Turkey joined NATO in 1952 and became part of the alliance against the Soviet Union. It also authorized spy flights over the Soviet Union, angering the Russians who warned of a strike. But Turkey strengthened its ties with the USA and the west and applied to join the European Union. The European powers were not keen on a Muslim state being a part of the European Union, as the Pope felt that the ethos of a dominant Christian polity would be disturbed. HenceTurkey, though an associate member has not been given entry into the European Union. There is very little chance that Turkey will ever be made a member of the EU. This of course has angered the leadership, headed presently by President Erdogan who has decided to chart out a different course. He has diluted the relationship with NATO and made overtures to Russia. At the same time, he has tried to shift away from the policies of Ataturk with an aiim to take over the leadership of the Muslim world.
Erdogan is not the Caliph and things are not going smoothly for him. Turkey has bad relations with Greece which at one time was part of the Ottoman Empire. The flashpoints were Crete and Cyprus. Much to the chagrin of the United States, the Turks were able to invade Cyprus and set up a puppet Moslem state in the part of cypress where the Muslims were in a majority. The west has not appreciated these acts. Erdogan has also decided to buy the S 400 missile system from Russia thumbing a nose at the United States which had opposed this deal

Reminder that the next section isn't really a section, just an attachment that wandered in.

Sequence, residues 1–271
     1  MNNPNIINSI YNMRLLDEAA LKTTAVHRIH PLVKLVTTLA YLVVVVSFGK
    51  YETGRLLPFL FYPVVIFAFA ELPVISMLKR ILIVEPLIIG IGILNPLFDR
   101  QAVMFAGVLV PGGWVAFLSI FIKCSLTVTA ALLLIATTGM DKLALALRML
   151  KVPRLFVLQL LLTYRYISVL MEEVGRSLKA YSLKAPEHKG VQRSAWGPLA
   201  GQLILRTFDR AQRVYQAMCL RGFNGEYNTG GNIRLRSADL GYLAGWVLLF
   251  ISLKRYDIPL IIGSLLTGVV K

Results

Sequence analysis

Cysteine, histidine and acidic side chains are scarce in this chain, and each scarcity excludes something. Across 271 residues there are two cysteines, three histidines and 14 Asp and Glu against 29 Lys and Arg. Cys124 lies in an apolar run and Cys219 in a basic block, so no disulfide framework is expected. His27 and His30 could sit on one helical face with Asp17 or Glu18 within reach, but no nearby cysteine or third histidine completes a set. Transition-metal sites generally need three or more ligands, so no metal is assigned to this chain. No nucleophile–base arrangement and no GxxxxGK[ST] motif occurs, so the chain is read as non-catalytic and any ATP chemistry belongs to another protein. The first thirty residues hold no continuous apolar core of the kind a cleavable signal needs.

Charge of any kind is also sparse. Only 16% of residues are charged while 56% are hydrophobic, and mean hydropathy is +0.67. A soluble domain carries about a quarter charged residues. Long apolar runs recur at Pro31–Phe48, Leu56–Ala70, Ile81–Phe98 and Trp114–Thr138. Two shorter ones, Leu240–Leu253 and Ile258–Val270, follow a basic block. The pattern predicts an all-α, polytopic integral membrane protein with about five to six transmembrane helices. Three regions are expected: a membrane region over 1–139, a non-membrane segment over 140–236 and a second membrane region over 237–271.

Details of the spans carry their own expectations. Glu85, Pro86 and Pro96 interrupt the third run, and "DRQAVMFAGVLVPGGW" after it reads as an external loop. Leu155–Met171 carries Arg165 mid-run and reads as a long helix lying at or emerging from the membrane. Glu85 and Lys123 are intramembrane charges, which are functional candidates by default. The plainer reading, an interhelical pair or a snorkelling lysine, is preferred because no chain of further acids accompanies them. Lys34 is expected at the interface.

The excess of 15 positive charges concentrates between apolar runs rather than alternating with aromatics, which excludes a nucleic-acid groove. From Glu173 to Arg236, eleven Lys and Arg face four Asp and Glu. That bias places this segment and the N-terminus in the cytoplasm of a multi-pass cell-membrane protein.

Turkey had earlier done the unthinkable and annoyed the Arabs by first recognizing Israel in 1948 and then establishing close ties with it. This included military cooperation as well. Erdogan has now tried to backtrack on relations with Israel and has been cultivating the Muslim world, in the hope that they would accept the leadership of turkey.
Turkey is now looking forward to becoming the leader of the Arab Muslim states. There is also a resurgence of Islamic thought inTurkey. As a part of this, the Turks have started fighting for the rights of the Palestinians.
By these actions, Turkey would like to don the mantle of the leader of the Arab world. Turkey has tried to make its presence felt in Syria and Libya much to the chagrin of the United States. In addition, it is backing Qatar and Pakistan. The aim is to try and get back the old glory of Turkey during the time of Suleiman the great.
This task is however easier said than done as the European powers are not keen on Turkey joining the EU and the Arabs also will not countenance the Leadership of Turkey. Not many Arabs have forgotten that Turkish rule over the Arabs during the days of the Ottoman Empire was a cruel rule. In addition, Turkey has no infrastructure to be a world power. Its aircraft industry is a big zero and hardly any weapons are manufactured in Turkey. Its economy under Erdogan is in a nosedive and the Turkish Lire has lost much of its sheen in the world market. There is widespread inflation and the country has a serious balance of payment problem. Turkey is also backing Pakistan against India, which is not good for its own health.
Turkey under Erdogan has stagnated and all his dreams of great power status and restoration of the glory of the Ottoman empire have evaporated like the morning dew. The Muslim world still looks to Saudi Arabia as its leader and Turkey is an outsider. Erdogan has now become a dictator by changing the constitution and trying to give the state an Islamic color but the people are restive and there was an attempted military coup against him. There is no guarantee that something similar may not happen again. The chance that Erdogan can lead Turkey back to the glory of the Ottoman empire is, to say the least very remote.